Senator Conrad acknowledged this crisis recently on CBS's "60 Minutes." He said, "They know in large measure here, Republicans and Democrats, that we are on a course that doesn't add up" but that Congress does not address the issue "[b]ecause it's always easier not to. [I]t's always easier to defer, to kick the can down the road to avoid making choices. You know, you get in trouble in politics when you make choices."
Yet kicking the can down the road and avoiding choices is exactly what the Senate budget blueprint does. Specifically, it fails to offer a single reform to pare the $39 trillion in unfunded Social Security and Medicare costs over the next 75 years. Worse, the Senate rejects the President's commonsense proposal to shave $8 trillion off this obligation by reducing Medicare Part B and D subsidies for the wealthiest seniors and tweaking payment formulas. By delaying the inevitable reforms, the Senate budget will drive up ultimate costs by hundreds of billions of dollars and give near-retirees less time to adjust their retirement strategies to the coming fiscal realities.
While ignoring the entitlement crisis, the Senate budget would increase FY 2008 non-emergency discretionary spending by $18 billion over the President's proposal of $932 billion-a nearly 9 percent increase in discretionary spending over the FY 2007 level. Over five years, the Senate would increase spending by $193 billion over the President's proposed level. That does not even include the $21 billion in additional FY 2007 spending the Senate is proposing to add to the national security emergency bill that was intended to fund the troops serving in Iraq and Afghanistan.
Most of the increase would be in domestic discretionary spending, but these programs have hardly been starved for funding. From 2001 trough 2006, non-security discretionary spending increased by 40 percent (21 percent after inflation). In fact, since 1990, non-security discretionary spending has increased three times as fast as defense and homeland security spending. In particular, recent discretionary spending increases for education and health have been among the largest ever. Furthermore, Congress continues to appropriate money for wasteful and unnecessary programs like the Advanced Technology Program, which spends much of its $150 million budget subsidizing Fortune 500 companies. The combination of recent spending increases and wasteful spending means that Congress should be able to work within the President's proposed discretionary spending total.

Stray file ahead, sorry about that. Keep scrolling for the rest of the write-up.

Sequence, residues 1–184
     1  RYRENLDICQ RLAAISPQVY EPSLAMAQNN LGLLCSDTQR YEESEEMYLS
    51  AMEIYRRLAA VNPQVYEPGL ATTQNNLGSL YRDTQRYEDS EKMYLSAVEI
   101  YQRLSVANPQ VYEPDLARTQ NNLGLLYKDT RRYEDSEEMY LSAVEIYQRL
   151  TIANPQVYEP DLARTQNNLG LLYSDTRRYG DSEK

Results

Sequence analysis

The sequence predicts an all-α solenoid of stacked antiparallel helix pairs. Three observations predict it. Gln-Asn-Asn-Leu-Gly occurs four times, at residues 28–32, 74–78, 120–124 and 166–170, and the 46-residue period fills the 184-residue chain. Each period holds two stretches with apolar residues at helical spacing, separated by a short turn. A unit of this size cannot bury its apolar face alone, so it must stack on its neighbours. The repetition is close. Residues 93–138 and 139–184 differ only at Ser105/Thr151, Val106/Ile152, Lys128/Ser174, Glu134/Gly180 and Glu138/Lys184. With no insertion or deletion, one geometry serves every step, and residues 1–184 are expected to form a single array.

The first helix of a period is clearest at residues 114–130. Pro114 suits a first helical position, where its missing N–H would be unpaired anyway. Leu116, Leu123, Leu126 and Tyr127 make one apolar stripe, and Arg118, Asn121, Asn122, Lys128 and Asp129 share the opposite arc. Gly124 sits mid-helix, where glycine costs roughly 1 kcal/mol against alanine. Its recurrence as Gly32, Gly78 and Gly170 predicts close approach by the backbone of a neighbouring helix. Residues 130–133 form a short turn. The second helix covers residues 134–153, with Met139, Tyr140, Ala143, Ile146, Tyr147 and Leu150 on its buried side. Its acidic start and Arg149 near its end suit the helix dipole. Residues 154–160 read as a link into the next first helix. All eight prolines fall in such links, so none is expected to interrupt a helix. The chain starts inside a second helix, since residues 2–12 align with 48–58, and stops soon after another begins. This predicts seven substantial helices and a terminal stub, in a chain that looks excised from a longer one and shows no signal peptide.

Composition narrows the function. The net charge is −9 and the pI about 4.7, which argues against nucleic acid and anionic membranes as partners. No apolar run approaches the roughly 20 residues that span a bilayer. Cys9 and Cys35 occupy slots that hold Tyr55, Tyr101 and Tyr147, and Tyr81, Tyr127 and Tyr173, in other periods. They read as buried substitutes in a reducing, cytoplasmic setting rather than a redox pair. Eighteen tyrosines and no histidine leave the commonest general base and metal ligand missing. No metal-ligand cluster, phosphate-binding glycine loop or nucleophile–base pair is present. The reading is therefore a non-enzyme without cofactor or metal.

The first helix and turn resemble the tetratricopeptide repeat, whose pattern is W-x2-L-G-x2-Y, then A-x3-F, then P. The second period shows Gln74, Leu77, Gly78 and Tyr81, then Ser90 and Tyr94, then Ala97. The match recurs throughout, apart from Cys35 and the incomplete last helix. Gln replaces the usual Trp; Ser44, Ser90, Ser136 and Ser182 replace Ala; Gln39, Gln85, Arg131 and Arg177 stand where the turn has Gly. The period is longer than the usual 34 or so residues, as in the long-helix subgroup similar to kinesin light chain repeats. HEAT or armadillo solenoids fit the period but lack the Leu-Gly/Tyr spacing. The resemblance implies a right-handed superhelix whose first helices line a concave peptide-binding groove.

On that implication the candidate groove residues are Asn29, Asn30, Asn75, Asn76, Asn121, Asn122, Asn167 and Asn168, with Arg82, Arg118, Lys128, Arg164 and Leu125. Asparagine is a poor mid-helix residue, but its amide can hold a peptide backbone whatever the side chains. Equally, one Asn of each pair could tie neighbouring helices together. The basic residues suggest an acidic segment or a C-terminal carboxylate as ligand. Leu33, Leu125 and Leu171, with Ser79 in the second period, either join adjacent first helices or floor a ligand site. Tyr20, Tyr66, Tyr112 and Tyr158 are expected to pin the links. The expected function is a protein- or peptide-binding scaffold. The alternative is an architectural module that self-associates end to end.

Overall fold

In January, Senate Majority Leader Harry Reid (D-NV), House Speaker Nancy Pelosi (D-CA), House Budget Committee Chairman John Spratt (D-SC) and Senator Conrad send a letter to President Bush urging him to resist the use of gimmicks in his budget request. The letter called on the President to "reasonably account...for...predictable costs that have been omitted in past budgets," likely referring to the costs in Iraq and Afghanistan as well as fixing the AMT. The group also urged that the President's budget "realistically project" budget deficit levels and "be based on fiscal discipline that is sustained over the long-term." When the President released his budget proposal, these lawmakers criticized the President for failing these standards and relying on "deception" to balance the budget by 2012.
Yet the Senate Democrats' budget employs the same sort of gimmicks the Democrats decried. It balances the budget by 2012, assuming no Iraq and Afghanistan spending after 2009. Nor does the Senate budget account for fixing the AMT after 2008. Thus, the Senate budget relies on the same gimmicks they earlier opposed. In regard to the group's call for long-term fiscal discipline, the Senate budget ignores the issue completely. By the Congress's own standards, the Senate budget proposal is fiscally irresponsible.
The Senate budget relies on massive tax increases while ignoring the coming tsunami in Social Security, Medicare, and Medicaid spending.This classic tax-and-spend budget would likely assure the expiration of the tax cuts that have helped to create jobs and promote economic growth. The result of the Senate budget would likely be higher tax rates on families and businesses, slower economic growth, and a nation woefully unprepared to fund the coming retirement benefits of 77 million baby boomers. Lawmakers should go back and write a budget that deals realistically with coming entitlement costs and does not raise taxes to fund more government spending.
Brian M. Riedl
is Grover M. Hermann Fellow in Federal Budgetary Affairs in the Thomas A. Roe Institute for Economic Policy Studies at The Heritage Foundation.